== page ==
Monday, October 30, 2006

Kevin Martin on Regulatory Modesty

FCC Chairman Kevin Martin gave an interesting, thoughtful talk last Thursday as the featured speaker at a program sponsored by the American Bar Association's Administrative Law & Regulatory Practice Section. His prepared remarks are posted on his FCC website.

Before an audience of administrative law afficianados, including me, Chairman Martin explained why we should want to be cautious, in our system of democratic governance, about giving administrative agencies too much unbridled discretion, even as he acknowledged the FCC may use such discretion to achieve sound policy results. An example of employing the FCC's discretion, reinforced with a good dose of Chevron deference, in the interest of sound policymaking is the FCC's deregulatory action in the broadband proceedings that led to the Supreme Court's affirmance in the Brand X decision.

In his address, Chairman Martin cited as worthy of concern the breadth of judicial deference to agency decisions under Chevron and the FCC's broad discretion, as interpreted by the D.C. Circuit, to implement the biennial regulatory review requirement. On the latter, he pointed out that the D.C. Circuit, over his dissent, had interpreted the Communications Act's Section 11 directive to the agency to repeal rules that are "no longer necessary in the public interest as a result of meaningful economic competition" as giving the agency more discretion to leave outdated rules in place than, to his mind, Congress had intended.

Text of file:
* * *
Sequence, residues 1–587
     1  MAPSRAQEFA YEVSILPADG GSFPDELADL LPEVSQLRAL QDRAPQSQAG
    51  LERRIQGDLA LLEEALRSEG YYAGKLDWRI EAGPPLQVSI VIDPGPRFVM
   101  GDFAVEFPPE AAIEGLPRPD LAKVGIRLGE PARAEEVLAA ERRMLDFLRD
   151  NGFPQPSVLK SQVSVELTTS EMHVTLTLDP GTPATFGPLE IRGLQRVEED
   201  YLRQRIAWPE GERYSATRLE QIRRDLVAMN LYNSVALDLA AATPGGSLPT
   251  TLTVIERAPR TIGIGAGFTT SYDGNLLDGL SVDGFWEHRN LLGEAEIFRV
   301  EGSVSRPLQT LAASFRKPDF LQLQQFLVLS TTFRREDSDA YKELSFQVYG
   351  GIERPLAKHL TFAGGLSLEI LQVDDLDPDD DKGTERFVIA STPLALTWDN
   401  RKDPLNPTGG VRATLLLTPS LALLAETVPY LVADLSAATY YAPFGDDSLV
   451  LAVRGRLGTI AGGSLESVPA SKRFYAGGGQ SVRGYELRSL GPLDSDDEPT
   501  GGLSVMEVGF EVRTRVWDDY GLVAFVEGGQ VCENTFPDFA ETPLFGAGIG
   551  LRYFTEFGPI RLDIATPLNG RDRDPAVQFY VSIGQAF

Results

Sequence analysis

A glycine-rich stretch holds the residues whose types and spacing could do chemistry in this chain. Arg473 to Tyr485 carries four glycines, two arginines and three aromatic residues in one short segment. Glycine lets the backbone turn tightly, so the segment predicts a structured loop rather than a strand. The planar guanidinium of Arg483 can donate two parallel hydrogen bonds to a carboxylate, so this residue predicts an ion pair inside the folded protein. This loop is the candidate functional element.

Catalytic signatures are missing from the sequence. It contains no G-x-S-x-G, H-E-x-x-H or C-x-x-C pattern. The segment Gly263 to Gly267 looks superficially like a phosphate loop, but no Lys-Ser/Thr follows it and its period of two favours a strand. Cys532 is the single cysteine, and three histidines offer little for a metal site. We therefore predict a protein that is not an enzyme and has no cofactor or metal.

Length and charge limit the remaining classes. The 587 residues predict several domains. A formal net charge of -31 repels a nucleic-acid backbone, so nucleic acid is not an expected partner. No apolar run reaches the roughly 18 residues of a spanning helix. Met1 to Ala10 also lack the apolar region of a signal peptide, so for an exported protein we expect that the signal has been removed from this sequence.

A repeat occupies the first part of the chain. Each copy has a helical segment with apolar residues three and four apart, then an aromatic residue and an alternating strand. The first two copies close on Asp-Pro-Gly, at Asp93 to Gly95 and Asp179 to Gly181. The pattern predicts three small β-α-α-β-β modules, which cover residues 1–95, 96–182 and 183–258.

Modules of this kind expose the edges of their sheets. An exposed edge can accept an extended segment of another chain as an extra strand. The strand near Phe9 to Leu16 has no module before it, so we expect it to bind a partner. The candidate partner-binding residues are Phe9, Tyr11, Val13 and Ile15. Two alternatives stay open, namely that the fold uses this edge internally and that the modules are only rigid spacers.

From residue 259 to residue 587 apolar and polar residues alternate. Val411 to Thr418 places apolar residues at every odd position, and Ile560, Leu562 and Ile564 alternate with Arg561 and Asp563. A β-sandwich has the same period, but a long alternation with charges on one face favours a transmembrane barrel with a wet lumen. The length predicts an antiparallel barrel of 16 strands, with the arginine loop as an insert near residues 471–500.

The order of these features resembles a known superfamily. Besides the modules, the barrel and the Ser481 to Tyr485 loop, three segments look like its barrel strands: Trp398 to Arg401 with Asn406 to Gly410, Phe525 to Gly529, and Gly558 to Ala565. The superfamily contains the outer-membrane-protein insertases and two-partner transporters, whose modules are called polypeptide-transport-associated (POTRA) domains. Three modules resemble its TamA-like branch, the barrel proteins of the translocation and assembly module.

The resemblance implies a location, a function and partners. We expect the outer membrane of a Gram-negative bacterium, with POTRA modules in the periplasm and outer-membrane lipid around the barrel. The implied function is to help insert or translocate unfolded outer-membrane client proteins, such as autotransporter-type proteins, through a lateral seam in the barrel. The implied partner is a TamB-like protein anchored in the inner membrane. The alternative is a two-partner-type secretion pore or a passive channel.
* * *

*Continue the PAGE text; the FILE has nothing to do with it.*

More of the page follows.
Regarding judicial deference to an agency's decisions, I have recently suggested that it would be more consistent with the political accountability and separation of powers rationale upon which the Chevron decision is premised, and, indeed, the separation of powers at the heart of our tripartite constitutional scheme, for independent agencies like the FCC to receive a lesser measure of Chevron deference than Executive Branch agencies. You will find my whole argument set forth in my Spring 2006 Administrative Law Review article entitled, "Defining Deference Down: Independent Agencies and Chevron Deference."

I suspect that Kevin Martin might not go as far as I go in my law review piece, and, in any event, in his speech to the Ad Law group he was articulating prudential concerns, rather than laying out a legal or constitutional argument. But anytime the head of a regulatory agency expresses caution about the exercise of whatever broad discretion he or she may possess, such self-abnegation is to be applauded. Regulatory modesty is often in short supply, and it is becoming.